Todd – You know, I look at this from a spiritual perspective. I think that there is something that was placed in all of us, before we were placed in the womb. I believe we all come here with a purpose, a destiny to tap into.

I think this has to be cultivated – perhaps through learning from mentors. My mother said something to me that I will never forget. “You are not defined by the six blocks that you live in.”

So when I looked at my environment, I realized that I could have been consumed by it. Even as a kid, I knew life had to be better than just what I was experiencing at that time.

Dr. Andrea – So if each of us has a gift, purpose, or experience that we are supposed to live, how do we tap into that?

Todd – We tap into it by understanding that there really is no such thing as failure. But each experience we have is a lesson. You can re-script these experiences to make them more empowering.

Dr. Andrea – But what is it that allows us to take difficulties and turn them into empowerment? What’s the trick?

Todd – It’s re-writing the stories that we tell ourselves about events, traumas, or things that are projected onto us. The bible says, “Be transformed by the renewing of your mind”.

Look at the story you have created about a certain situation, and assess if that is TRULY the only option. It that truly the only story that can be created from your experience. To make it more practical, I have my clients walk back through their story, slowly. This helps people to reclaim their power and take some control. It’s a process of reclaiming their voice.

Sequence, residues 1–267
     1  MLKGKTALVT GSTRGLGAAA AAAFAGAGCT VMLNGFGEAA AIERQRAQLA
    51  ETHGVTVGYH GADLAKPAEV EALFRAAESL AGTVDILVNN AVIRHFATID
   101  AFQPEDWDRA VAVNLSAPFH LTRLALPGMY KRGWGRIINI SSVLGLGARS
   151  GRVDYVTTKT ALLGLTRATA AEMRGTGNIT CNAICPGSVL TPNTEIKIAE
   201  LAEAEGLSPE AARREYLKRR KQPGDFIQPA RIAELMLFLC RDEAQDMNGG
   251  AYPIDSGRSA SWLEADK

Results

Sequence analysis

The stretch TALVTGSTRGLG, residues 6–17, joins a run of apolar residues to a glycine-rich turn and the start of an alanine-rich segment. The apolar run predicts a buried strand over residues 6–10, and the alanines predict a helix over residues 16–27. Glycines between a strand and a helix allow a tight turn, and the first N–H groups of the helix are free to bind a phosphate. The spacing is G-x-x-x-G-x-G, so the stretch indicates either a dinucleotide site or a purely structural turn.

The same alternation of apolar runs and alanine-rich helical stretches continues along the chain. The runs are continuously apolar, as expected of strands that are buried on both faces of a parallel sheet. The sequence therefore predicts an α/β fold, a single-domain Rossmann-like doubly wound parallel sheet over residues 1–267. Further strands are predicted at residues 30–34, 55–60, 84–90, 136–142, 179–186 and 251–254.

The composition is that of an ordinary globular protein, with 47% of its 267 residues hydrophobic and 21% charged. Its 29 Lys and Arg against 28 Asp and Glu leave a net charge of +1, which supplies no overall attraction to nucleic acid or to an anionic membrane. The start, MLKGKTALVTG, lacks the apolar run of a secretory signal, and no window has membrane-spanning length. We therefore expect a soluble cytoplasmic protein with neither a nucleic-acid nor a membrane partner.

Dr. Andrea – Something I’ve heard you say before, in previous interviews, is that we have to become comfortable with being uncomfortable. For so many people who have experienced trauma, been judged or projected upon, they really are uncomfortable. So how do we get to that place of becoming comfortable with the uncomfortable? Tell me about that.

Todd – First and foremost, it goes back to recognizing that we are a part of the natural order of life. For example, think about the growing process, and how while you’re growing you are hurting. Remember your teenage years? You’re tired, your joints hurt, and you feel awkward. That’s the natural order of life.

It’s important to recognize that being comfortable in the uncomfortable doesn’t mean I will always be laughing and joking. It means that the pain won’t stop me.

Sure, I can complain and delay my process, but I’m still going to go through the pain. The key is not letting the pain keep you stuck. It’s recognizing that this too will pass.

Dr. Andrea – Here’s the challenge. When we are in pain, we don’t always take the most mature perspective on things. Sometimes we want to kick and scream and even cry. So for somebody who is dealing with tremendous physical or emotional pain – how could they get to the point of accepting that their pain is a part of their growth?